NAESP Study about the Principalship

Social-emotional learning, mental health, and student poverty are among the top student-related concerns of Pre-K through grade 8 principals, according to The Pre-K School Leader in 2018: A 10-Year Study.   

Since 1928, the National Association of Elementary School Principals (NAESP) has collected data on the climate, challenges, and conditions that mark the principalship. In the latest version of the study, the University Council for Educational Administration (UCEA) was proud to partner with NAESP.

The study imparts new information about the current education climate; challenges facing veteran, early career and assistant principals; and the conditions under which they work.

The study reviews data in areas including:  

— Experience and professional preparation;

— Accountability and decision-making;

— Conditions of employment;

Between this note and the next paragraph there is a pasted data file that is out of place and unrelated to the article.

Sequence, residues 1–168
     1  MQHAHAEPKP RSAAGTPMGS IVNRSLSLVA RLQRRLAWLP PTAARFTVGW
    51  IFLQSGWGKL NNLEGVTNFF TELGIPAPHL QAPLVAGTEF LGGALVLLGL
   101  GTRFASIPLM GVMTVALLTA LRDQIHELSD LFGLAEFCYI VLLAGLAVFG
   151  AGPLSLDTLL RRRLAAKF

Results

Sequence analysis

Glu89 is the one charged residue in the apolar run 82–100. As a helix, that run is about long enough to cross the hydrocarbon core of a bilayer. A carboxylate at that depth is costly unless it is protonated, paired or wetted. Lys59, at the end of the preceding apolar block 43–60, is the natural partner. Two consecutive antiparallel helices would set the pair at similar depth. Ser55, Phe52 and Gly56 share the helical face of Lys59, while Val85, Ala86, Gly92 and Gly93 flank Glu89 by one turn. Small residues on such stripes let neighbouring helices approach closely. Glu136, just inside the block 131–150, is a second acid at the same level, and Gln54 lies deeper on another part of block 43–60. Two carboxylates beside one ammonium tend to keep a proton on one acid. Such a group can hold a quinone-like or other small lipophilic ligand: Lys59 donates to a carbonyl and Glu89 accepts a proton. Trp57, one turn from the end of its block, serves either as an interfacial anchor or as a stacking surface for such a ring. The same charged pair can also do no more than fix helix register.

— Professional learning needs; and

— Future career intentions.

“Recent research has shown that 20 percent of principals leave their positions each year, with almost 30 percent of principals in high-poverty schools leaving each year. In fact, the average school tenure of a principal is less than five years,” said Ed Fuller, who is UCEA Associate Director for Policy and one of the report authors. “This high rate of churn has negative effects on both teachers and students as well as costs districts a substantial amount of money. Some emerging research suggests that the working conditions of principals substantially affects their decisions to stay in a school. Moreover, working conditions appear to also affect their effectiveness on the job. Thus, understanding how to better support principals in the important work they do is critical to improving schools.”

Responses to the 2018 NAESP 10-year study identify multiple areas of professional development need, including improving student performance, improving staff performance, understanding and applying technology, time management, using social media effectively, and school improvement planning.

For more, see the full report: